Wednesday, April 17, 2013


"Pliny the Elder imagined that fossil shark teeth had fallen from the sky or the moon, and named them 'glossoptera' (tongue stone)."

"To tabulate the time intervals between the successive entries in . . . these Lamentations is to tell the story."

Because change is all we have
To keep our names and settings
Separate, and change erases

Every name, every sorrow
Comes confused with others.
Lamentations for the masses lost

Among ruined palaces of memories
Blur dirges for citadels lost and buried
When formal invasions with burnings

And defacings of local inscriptions
And their brick-built temples were weapons new
As were temples and chiseled inscriptions.

This is not, never was, nor will be
News, but we can still forget it,
Still mistake our children for our ancestors.

Dementia, the shiveriest night terror
In all of giftedom, scales the coiling
Pagan dragon of introspection

And punctures him in the mouth
Of his fire with a long, sharp sinking mystery.
Tainted gorge regurgitates

In the dragon's throat, a broken moon
Floating up from the boiling moat
Where he fell among the short-term

Armies of creaking mnemonic siege engines,
Inquisitorially demonic cortical devices,
A heap of hissing, smoking wishbones of retention

To tug and pull apart until the necromancing
Meaning snaps, and there, sir, goes
Your prophecy. Pal, you had it good

Once upon a time, but the sooner
You prate about it, the scarier.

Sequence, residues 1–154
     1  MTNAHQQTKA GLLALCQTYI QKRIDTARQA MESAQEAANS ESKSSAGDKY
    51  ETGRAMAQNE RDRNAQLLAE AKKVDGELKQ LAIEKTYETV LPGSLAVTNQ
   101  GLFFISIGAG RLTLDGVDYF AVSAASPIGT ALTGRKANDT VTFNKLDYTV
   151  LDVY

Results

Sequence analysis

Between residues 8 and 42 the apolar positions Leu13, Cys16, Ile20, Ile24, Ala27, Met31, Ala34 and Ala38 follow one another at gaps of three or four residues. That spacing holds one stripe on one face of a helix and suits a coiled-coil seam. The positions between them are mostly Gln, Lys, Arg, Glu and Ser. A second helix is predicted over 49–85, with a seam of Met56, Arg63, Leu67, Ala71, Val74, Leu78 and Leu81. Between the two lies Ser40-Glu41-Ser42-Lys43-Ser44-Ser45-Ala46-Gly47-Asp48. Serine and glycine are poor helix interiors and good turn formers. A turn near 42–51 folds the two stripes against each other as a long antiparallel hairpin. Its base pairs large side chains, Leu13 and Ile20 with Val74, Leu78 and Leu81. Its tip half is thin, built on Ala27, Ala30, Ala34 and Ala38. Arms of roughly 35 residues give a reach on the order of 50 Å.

Around the table, loud crusading

Pirates, back from the holy
Land of what was once known
In person, proudly dump loot

From the makings of other times
In other minds, piles of rubble
Prized as complicated puzzles.

Once that's done, it's for everyone
Disguised and almost done to grab a bit,
A leftover, glossoptera, a holy relic.

Strepitus, tenebrae, it's a big noise
To make in your shadows, concluding
By slamming your book shut, banging

Your head on the pew. Still. This isn't the end.
For you, but not for the you you knew,
Rerouted crowds of sin-apt congregants

Have to finish the thing, to find
Their own suffering and, with shuffling
Respect to your dissolving rest,

For your silence, one by one, to leave
The cloistered chapel, querulous, unbelieving.
Later still, the hidden musicians lug

Assorted reeds and strings off stage behind the nave
Into the wings, pinching smoky wicks
Snuffed shut behind them, whispering,

As they step, bone by bone, around the abyss
That surrounds your wide-eyed sarcophagal swoon,
Too quietly to hear their own failing farewell in the dark.

No comments:

Post a Comment

Note: Only a member of this blog may post a comment.